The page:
Tool study

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Blog series by toolmike updated 03-22-2014 01:26 PM 6 parts 13962 reads 4 comments total

Part 1: Hobbies block planes

09-11-2013 02:19 PM by toolmike | 1 comment »

Ever heard of Hobbies planes? I found them by accident on eBay, and have put together a study on the ones that are now in my collection. Hobbies is a British model maker supplier, in business since 1895. At some point they made their own tools, including planes, fret saws, and drills. If anyone has any information on the missing two planes (i.e specs, pictures), or on Hobbies planes in general, I would be happy to add it to the study. Hobbies block plane study

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Part 2: The Millers Falls Plane-'R'-File

09-14-2013 01:46 AM by toolmike | 0 comments »

The 1950s resonated with some truly interesting tool designs. Millers Falls spent a lot of effort designing aesthetically pleasing tools. Wood was sometimes replaced with plastic, designs were streamlined, aluminum made an appearance. One of the more interesting tools was Millers Falls No. 1220 Plane-’R’-File, a Jekyll and Hyde type tool which could be used as either a plane or a file – their answer to Stanley’s surform. Nice concept, beautiful design, but the tool jus...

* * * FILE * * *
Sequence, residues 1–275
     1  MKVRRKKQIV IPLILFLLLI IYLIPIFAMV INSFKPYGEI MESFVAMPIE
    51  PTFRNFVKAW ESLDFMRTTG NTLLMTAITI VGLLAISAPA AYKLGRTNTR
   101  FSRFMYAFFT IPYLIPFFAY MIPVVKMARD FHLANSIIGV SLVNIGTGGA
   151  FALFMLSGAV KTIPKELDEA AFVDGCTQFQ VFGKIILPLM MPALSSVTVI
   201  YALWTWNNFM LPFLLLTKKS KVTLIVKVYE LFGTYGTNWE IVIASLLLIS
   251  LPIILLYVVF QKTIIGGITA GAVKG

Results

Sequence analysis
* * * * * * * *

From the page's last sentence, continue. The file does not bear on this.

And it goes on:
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Part 3: "Buck Rogers" planes from Millers Falls - Part 1

09-27-2013 12:27 PM by toolmike | 2 comments »

Streamline moderne is a type of Art Deco architecture that emerged in the mid 1930s and lasted more than two decades. It emphasized curving forms, and moved beyond architecture into industrial design, and even tool design. Millers Falls developed a line of tools in the post-WWII years which were heavy influenced by streamline modern – and symbolic of the 1950s “atomic era”. It is defined by tools such as the No.100A automatic push drill, the No.104 geared hand drill, and the...

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Part 4: Atomic-era tool design

11-29-2013 03:42 PM by toolmike | 1 comment »

The 1950s may have been the last great push in tool design before the dark ages of the 1960s-1980s ensued. This blog posting is a little bit more info on Millers Falls “Buck Rogers” tool line.

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Part 5: Millers Falls No.104 drill

12-19-2013 03:48 AM by toolmike | 0 comments »

A brief Millers Falls study of the No.104 “Buck Rogers” hand drill. This is a very aesthetically pleasing tool, but functionally it doesn’t work as well as some of their earlier models.

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Part 6: The now somewhat "rare" Millers Falls No.42 coping saw

03-22-2014 01:26 PM by toolmike | 0 comments »

Shortly after a post about the Millers Falls No.42 coping saw on C. Schwarz’s blog – the saw became “challenging” to find. This might be because it offers one of the better mechanisms for adjusting the blade. So I hunted around for about 3 years before I finally found one, then two, and finally 3 saws. But the one thing that struck me was that all three were different – not strange in the tool world, but maybe strange for a saw. Here’s a small study of the ...

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